While the Liberal government has greatly endorsed the use of this manner of financing and building many projects, in particular highways and bridges, critics including myself have great concern over the amount of debt that it obligates the province to re-pay. The province doesnt actually consider it debt though, and it is not reported as debt, but rather ” contractual obligations” .   I’ve compared it to your mortgage, which is also a contractual obligation… but if you tried to tell a credit card company it wasnt debt, they would laugh at you.

It is debt, under another name, and those P3 payments over time, over multiple projects, have nearly bankrupted other countries and many countries have now stopped using this method because of the burden it places on the government over time, in paying back those debts.

Now Keith Reynolds has brought forth another strong concern – the  new owners of two P3 projects in BC are companies that are located in countries that are tax havens… and this may have a strong impact on the amount of taxes they should be paying to our province.

Here is an excerpt:

“If P3 infrastructure is operated by the government or its agencies, then the operator does not pay taxes to the federal or provincial governments.  But a private sector operator does pay taxes and these taxes are factored into the equation that decides whether or not to use a P3.

But what happens if the tax revenue predicted from the P3 project doesn’t materialize? That means the province does not get the expected revenue, which is a big deal in cash strapped British Columbia. It also means that the comparison used to decide whether to use a P3 to do the project publicly was biased against public operation because of overly optimistic revenue expectations from the P3.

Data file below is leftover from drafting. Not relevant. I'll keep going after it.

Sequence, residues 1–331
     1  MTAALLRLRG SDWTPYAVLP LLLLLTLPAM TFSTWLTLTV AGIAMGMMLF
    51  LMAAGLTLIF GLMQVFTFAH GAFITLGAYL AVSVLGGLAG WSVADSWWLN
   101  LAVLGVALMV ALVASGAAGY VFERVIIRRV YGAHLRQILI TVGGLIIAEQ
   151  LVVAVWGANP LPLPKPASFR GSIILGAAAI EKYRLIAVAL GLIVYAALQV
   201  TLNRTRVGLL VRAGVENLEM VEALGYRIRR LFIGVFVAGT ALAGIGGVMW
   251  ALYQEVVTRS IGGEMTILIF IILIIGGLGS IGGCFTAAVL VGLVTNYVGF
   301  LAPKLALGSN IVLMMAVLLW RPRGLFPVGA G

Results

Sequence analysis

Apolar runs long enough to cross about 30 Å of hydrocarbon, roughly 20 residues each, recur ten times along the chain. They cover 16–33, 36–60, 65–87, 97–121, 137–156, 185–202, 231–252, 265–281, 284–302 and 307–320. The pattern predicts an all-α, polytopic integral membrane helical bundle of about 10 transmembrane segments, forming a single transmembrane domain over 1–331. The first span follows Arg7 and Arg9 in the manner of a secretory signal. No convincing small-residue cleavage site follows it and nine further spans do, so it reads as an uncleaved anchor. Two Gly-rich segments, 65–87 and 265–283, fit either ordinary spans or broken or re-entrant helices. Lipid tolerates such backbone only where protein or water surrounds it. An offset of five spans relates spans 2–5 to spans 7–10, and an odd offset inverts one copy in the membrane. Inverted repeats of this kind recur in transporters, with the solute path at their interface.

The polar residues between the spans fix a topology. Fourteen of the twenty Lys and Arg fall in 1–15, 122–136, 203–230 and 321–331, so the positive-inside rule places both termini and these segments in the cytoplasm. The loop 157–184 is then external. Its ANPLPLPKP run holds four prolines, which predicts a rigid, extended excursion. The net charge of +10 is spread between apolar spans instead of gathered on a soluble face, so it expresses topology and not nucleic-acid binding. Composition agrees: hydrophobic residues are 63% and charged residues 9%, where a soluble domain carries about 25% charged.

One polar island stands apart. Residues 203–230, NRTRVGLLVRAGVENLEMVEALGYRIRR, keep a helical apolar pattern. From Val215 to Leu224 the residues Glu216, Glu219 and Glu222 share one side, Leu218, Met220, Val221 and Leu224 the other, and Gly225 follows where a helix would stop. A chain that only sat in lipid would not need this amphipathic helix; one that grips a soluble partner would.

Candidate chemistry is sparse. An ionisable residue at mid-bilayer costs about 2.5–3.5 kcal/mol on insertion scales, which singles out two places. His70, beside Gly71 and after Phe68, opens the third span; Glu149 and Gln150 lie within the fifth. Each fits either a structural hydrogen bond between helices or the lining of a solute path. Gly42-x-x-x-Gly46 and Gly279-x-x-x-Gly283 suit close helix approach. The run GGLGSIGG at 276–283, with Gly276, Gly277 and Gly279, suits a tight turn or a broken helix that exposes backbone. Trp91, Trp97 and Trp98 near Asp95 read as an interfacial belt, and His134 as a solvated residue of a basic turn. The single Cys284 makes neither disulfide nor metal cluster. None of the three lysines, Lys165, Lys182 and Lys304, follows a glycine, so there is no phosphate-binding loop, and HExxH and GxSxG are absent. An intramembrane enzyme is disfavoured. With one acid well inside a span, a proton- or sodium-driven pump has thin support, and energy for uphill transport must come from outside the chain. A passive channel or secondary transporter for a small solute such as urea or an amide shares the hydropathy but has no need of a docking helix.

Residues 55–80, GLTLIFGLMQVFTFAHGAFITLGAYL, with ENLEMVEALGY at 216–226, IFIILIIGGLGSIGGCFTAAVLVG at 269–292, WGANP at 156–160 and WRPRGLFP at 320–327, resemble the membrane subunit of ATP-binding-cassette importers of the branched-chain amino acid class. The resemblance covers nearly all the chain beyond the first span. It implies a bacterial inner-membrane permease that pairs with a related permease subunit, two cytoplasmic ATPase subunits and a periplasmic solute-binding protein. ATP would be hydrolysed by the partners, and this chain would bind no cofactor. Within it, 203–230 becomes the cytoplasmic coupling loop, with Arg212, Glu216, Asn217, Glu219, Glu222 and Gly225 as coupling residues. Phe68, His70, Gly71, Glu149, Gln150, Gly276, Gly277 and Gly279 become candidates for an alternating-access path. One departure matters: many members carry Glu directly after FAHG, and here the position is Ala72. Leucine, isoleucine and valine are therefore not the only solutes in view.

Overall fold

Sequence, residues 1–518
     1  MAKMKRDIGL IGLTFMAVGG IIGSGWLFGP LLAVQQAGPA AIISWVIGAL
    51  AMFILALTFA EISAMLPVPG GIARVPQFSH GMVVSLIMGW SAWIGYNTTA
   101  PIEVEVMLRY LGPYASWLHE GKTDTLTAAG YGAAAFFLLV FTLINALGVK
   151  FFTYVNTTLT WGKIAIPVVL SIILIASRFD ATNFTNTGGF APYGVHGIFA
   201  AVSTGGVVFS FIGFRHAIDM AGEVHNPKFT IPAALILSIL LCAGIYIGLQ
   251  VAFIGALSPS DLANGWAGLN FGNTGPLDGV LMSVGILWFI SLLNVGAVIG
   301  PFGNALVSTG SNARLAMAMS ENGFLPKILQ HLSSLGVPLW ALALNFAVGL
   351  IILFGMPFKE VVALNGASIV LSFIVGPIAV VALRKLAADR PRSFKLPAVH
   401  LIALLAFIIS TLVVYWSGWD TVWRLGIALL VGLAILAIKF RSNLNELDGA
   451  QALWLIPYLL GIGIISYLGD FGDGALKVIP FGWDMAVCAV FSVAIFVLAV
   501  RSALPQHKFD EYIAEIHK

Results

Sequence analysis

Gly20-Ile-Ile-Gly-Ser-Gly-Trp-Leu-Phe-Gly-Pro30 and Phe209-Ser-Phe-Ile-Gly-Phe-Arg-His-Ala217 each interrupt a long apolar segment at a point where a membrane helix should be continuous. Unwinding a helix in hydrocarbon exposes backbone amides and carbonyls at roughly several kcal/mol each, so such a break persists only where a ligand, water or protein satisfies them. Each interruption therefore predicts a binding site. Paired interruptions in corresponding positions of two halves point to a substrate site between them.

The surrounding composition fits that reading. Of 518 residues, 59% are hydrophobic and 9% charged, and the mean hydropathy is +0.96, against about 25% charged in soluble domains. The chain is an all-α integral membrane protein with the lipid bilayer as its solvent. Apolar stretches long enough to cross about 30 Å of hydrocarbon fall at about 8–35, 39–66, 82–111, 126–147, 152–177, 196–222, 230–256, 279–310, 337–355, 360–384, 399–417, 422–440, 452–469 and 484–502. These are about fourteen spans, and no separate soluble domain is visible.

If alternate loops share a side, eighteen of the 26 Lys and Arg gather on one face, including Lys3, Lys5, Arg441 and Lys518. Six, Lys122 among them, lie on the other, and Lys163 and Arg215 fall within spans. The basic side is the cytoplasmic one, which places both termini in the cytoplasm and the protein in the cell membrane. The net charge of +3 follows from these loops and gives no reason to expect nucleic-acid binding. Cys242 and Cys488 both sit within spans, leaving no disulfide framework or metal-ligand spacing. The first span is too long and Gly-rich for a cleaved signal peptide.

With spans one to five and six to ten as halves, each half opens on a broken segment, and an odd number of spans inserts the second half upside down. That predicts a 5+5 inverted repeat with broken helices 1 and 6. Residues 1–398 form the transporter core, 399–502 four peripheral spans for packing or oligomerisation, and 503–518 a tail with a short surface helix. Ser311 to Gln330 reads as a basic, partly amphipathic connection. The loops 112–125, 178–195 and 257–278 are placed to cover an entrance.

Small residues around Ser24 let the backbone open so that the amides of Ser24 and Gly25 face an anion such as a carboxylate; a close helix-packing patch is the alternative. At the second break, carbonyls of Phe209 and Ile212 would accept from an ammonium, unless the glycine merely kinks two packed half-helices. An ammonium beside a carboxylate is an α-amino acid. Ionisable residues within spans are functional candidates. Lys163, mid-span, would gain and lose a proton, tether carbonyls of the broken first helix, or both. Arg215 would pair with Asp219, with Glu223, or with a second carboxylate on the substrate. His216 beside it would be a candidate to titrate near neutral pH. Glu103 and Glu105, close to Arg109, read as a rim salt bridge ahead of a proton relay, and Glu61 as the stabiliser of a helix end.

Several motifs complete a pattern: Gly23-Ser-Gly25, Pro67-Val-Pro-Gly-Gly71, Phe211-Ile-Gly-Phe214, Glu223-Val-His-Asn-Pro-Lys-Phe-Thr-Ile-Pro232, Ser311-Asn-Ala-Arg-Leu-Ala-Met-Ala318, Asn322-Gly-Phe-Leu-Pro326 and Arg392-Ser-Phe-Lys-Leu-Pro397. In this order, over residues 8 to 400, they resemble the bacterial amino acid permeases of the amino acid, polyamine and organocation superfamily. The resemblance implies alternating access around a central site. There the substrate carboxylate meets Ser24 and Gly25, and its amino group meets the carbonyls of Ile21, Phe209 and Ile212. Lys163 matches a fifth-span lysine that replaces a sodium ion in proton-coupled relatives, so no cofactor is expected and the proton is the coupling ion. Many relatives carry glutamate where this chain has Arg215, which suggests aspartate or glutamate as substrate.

One of the ways companies cut their taxes is by moving their headquarters to tax havens.  Instead of claiming their profits in the country where they actually deliver services profits are claimed in the tax haven and taxes are paid at much lower rates.

Here in British Columbia there is complete silence on the issue from both the government and the media. The Ministry of Finance in response to a Freedom of Information request asking about the impact of tax havens and P3s said “although a thorough search was conducted, no responsive records were located. Your file is now closed.”

In a nutshell, the public private partnerships are already creating a sizable debt load in this province and when projects are flipped, losing valuable tax revenue to offset that debt is a huge liability.

But I’m pretty sure the government doesn’t want you to know, or understand any of it …. and that’s why you have to read the full post here http://www.policynote.ca/are-tax-havens-robbing-the-government-of-revenue-from-p3s-nobody-seems-to-care/

I’m more than willing to answer any questions you have, as I am sure Keith is, to help you understand why this is such an important issue for the financial future of our province.

Then, go and read the top post of 2012 on this site: http://lailayuile.com/2013/01/02/the-top-post-of-2012-on-lailayuile-com-how-money-and-corruption-are-ruining-the-land-originally-posted-june-19th-2012/

“All warfare is based on deception. Hence, when able to attack, we must seem unable; when using our forces, we must seem inactive; when we are near, we must make the enemy believe we are far away; when far away, we must make him believe we are near” ~Sun Tzu( otherwise known as Rant #1 – there is another one coming)